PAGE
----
- By TAEYOUNG MUN
March is National Social Worker Month, and #MentalHealthAwarenessMonth closely follows it in May. As a prospective social worker, I want to draw attention to #suicideprevention in the #school setting. #Suicide can be a risk for all people regardless of age, gender or ethnicity. #Suicidalideation comes when a person contemplates, wishes for, or is preoccupied with death and dying. Efforts to reduce the #suicide rates among #children and young #adults are cost-effective and necessary to limit the tragic toll that #suicide can have on individuals, families and society as a whole.
To avoid this tragedy, #mentalhealthprofessionals are becoming more available to #schools. Gladly, our community is paying more cautious attention to those issues. However, the necessity for #mentalhealthservices is still in higher demand than the service providers are able to fill. The services are not available for every individual in #schools unless they report their #suicidalattempts or have a referral to them.
Welcome to the “next chapter” of my life… being a voice and an advocate for #mentalhealthawarenessandsuicideprevention, especially pertaining to our younger generation of students and student-athletes.
Getting men to speak up and reach out for help and assistance is one of my passions. Us men need to not suffer in silence or drown our sorrows in alcohol, hang out at bars and strip joints, or get involved with drug use.
Having gone through a recent bout of #depression and #suicidalthoughts myself, I realize now, that I can make a huge difference in the lives of so many by sharing my story, and by sharing various resources I come across as I work in this space. #http://bit.ly/JamesMentalHealthArticle
During the #pandemic of #COVID-19, #anxiety issues and grief were most remarkable. #Depression is associated with #suicide, according to some research. During my #school internship, I met some #students who tried to kill themselves with risky #behaviors such as cutting and choking themselves. Instead of dealing with the aftermath of #suicidalattempts and #suicide crises, it is essential and beneficial to create preventative interventions like online #suicide resources for every #school from elementary to college.
The highest #suicide rate of demographics in the age range occurs within younger populations. It is the second cause of death among individuals aged 10 to 34 years old. Majorities of #schools do not have #suicideprevention programs. Ideally, hands-on interventions might be better for #students by implementing them in the curriculum with different approaches based on their developmental stages. Thus, considering the teaching professionals’ workload and limited timeline, online #suicideprevention can provide easy access for every #student with a preventative way of #suicide with time flexibility and broad accessibility.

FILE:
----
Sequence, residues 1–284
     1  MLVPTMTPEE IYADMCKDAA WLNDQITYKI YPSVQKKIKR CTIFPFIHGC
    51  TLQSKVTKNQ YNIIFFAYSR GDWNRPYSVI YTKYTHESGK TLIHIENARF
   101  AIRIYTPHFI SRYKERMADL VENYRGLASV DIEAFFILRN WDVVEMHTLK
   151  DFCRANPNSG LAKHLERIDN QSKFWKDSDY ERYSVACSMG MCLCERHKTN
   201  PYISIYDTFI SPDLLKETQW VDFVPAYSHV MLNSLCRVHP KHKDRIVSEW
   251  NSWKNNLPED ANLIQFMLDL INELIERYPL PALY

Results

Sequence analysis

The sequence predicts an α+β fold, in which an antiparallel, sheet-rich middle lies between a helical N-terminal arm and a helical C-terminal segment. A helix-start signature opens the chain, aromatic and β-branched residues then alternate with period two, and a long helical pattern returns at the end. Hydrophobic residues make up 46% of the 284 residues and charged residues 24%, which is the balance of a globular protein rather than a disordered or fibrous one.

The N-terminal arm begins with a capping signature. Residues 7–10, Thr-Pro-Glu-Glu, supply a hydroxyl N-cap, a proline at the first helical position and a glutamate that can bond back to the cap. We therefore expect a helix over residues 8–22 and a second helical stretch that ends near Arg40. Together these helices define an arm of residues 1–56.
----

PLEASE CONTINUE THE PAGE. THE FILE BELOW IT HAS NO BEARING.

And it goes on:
An excellent example of a school-embedded program can be found in the CSU University system, which has a Title IX program that requires every student to take an annual informational course on preventing sexual misconduct and discrimination based on gender. The course provides scenarios, testimonies, resources and actions to avoid sexual misconduct, help others, etc. It is a very effective way of educating #students in a short amount of time while still providing a sufficient amount of information.
An online #suicideprevention program is another helpful resource for individuals to reach out for help with confidentiality, being encouraged to learn that they are not alone through hearing the recovery testimonies of others. According to a study in 2020, the #suicide rate in #America gradually increased 33 percent in 2017 compared to 1999. The target population of the #suicideprevention program will be public school #students with age groups from 10 to 24.
To make things happen, we need a budget. California Gov. Gavin Newsom proposed total education funding of $119 billion for K-12 programs, contributing nearly $21,000 per #student. It is a tremendous amount of money, and it is necessary to increase schools’ budgets to improve their learning environment, However, securing the #students’ safety has to be another primary goal. I hope the budgets will be well spent balancing #students’ well-being holistically.
We need state and national programs working in tandem to create #suicideprevention programs based on evidence-based best practices. Implementing a #suicideprevention program at #schools might be cost-effective to achieve that goal. In addition, #schools and #mentalhealthprofessions need to advocate for #suicideprevention by using #socialmedia, meeting with politicians to change systems and laws, and making public announcements to prevent #suicide.
Taeyoung Mun is a graduate student at Cal State Bakersfield studying social work.